In Millennial Myth: Transforming Misunderstanding into Workplace Breakthroughs, author Crystal Kadakia writes, “Millennials have grown up in a time where diversity is so constantly present, where the majority is the minority, where learning about cultures around the globe is highly accessible, that they assume diversity exists everywhere and have a decreased barrier to accepting macro-differences. … We have grown up watching emerging voices, many who were initially anonymous, gain followings and make an impact, only to find out later what they looked like, their age, gender, and so on.” This incisive point about what diversity means for millennials highlights how critical it is for companies to stay ahead and keep top talent by committing to these values and practices on micro and macro scales.
Expand What Diversity Means
Diversity traditionally has meant expanding possibilities for narrowly defined demographics, usually race/ethnicity or gender. Although that focus remains essential in an organization’s diversity mission, millennials are leading the charge to expand the parameters. The recognition of members of the LGBTQ community, persons with disabilities, generational groups (after all, an office with equal numbers of millennials, Gen Xers, and baby boomers qualifies as diverse), and other identifiers has taken hold with this generation.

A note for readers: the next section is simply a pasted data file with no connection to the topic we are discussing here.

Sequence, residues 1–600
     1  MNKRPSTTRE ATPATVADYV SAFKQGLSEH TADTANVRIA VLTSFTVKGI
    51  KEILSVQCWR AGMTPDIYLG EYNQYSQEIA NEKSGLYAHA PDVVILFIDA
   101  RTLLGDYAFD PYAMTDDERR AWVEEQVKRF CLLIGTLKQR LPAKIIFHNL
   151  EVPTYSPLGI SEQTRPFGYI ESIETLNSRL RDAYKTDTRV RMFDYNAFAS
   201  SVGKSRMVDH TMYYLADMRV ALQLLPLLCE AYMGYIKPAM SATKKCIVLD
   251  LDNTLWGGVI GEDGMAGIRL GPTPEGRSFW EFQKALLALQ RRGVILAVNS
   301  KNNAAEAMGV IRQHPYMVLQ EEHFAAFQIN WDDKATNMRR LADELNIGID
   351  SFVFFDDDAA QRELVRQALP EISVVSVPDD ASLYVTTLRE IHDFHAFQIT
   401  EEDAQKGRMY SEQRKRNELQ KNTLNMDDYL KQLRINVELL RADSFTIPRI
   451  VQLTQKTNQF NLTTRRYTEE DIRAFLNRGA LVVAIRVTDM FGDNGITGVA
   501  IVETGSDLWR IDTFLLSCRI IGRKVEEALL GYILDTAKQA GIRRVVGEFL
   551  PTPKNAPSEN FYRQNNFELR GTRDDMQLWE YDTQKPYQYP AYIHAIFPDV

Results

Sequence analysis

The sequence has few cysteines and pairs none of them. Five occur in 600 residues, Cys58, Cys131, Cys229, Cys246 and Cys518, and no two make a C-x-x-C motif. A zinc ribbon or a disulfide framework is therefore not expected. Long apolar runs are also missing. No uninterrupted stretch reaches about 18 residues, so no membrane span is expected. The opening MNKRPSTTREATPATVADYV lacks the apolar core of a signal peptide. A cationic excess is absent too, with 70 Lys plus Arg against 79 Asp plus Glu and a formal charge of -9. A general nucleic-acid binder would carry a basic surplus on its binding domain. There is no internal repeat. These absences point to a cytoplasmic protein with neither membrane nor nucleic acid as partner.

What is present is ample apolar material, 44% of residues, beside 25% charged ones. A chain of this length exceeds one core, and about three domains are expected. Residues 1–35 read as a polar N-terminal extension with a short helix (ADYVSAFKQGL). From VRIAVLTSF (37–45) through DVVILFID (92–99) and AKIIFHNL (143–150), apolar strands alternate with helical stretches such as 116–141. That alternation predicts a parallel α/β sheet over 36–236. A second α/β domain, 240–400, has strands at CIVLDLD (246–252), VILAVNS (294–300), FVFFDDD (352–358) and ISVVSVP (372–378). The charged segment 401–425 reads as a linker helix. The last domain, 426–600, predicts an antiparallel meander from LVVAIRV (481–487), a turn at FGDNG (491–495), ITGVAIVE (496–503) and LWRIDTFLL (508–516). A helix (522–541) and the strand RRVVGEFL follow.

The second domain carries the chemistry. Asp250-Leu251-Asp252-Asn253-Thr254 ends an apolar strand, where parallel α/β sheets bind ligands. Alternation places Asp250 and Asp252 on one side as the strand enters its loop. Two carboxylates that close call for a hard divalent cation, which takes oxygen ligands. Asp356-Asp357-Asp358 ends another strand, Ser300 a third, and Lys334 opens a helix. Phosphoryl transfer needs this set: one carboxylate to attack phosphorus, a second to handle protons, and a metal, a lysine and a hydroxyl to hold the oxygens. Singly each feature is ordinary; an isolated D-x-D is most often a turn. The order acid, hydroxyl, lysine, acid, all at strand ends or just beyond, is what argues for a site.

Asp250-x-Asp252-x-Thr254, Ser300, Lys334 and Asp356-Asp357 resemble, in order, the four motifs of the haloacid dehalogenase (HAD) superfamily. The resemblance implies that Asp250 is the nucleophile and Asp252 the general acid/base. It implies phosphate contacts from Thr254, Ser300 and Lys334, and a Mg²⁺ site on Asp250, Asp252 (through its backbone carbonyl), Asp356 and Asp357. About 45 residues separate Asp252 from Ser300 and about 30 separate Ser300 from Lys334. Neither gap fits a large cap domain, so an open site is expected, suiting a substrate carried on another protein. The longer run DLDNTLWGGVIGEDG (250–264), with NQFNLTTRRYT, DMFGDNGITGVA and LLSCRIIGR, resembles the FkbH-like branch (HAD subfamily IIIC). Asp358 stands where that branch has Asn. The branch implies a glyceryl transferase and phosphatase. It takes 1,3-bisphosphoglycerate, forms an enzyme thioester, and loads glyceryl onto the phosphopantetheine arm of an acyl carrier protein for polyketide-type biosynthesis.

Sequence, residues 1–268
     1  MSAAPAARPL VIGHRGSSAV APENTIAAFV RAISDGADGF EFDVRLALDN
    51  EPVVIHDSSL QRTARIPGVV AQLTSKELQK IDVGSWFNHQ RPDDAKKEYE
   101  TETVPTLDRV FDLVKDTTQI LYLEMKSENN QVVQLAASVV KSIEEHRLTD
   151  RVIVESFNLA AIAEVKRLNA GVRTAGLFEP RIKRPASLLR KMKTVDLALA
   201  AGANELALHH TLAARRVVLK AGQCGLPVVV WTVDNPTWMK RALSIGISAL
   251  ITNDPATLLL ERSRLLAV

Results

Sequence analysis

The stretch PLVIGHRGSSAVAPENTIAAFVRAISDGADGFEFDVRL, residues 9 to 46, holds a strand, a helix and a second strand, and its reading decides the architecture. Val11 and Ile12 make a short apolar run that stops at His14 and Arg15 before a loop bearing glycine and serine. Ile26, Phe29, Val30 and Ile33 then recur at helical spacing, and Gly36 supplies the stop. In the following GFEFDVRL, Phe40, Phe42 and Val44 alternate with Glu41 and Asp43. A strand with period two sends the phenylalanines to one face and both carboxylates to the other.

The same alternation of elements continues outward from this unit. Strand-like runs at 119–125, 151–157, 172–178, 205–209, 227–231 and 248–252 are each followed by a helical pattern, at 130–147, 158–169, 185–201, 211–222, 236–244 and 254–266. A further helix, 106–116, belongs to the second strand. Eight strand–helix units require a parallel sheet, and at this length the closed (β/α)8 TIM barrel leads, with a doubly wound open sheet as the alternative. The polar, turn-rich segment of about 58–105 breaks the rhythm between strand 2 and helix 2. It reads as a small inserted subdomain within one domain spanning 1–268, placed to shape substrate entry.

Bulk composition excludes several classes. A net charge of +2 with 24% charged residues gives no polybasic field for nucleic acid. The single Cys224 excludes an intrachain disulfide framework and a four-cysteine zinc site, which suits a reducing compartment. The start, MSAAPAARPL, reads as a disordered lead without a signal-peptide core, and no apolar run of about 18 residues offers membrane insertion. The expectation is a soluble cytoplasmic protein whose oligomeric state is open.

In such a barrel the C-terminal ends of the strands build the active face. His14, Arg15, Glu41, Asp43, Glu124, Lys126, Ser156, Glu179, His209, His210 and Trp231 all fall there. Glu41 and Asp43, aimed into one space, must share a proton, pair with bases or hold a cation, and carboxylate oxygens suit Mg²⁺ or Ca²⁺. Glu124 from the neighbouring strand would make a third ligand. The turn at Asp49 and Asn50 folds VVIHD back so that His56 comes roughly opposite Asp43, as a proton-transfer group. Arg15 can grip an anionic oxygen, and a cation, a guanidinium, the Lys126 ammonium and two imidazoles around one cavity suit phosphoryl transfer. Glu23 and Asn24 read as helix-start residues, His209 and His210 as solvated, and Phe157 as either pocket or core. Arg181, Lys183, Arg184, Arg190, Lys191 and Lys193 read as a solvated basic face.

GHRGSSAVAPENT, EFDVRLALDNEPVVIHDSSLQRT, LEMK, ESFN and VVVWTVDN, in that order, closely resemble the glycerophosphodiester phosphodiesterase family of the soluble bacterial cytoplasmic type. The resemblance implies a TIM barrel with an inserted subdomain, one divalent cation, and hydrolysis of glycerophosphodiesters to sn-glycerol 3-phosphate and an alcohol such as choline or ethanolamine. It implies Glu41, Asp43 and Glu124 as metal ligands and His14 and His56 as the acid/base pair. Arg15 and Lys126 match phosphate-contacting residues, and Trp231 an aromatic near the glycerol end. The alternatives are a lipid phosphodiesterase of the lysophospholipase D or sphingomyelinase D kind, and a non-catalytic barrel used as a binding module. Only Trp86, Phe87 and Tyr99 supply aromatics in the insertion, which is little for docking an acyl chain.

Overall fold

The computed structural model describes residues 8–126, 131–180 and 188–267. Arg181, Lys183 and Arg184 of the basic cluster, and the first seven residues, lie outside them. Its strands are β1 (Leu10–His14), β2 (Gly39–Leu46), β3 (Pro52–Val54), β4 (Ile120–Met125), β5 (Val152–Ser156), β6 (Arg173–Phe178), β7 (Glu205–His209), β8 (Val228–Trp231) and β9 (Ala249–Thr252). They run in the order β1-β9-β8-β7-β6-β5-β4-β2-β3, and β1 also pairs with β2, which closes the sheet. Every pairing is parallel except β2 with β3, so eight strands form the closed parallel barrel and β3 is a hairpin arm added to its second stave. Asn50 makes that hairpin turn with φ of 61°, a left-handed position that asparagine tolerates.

Moreover, diversity has moved beyond demographics to experiences. The person who grew up on a dairy farm in Wisconsin and spent a year hitchhiking through Europe is as unique as the person who played college basketball and worked for a nonprofit for a decade—both bring a certain creativity that organizations can view as advantageous to raising their bottom line. Through this lens, a resume isn’t just a resume, and a life story defines a person as much as their ethnicity does. Millennials value this new diversity of experiences, which subsequently lends itself to inclusion.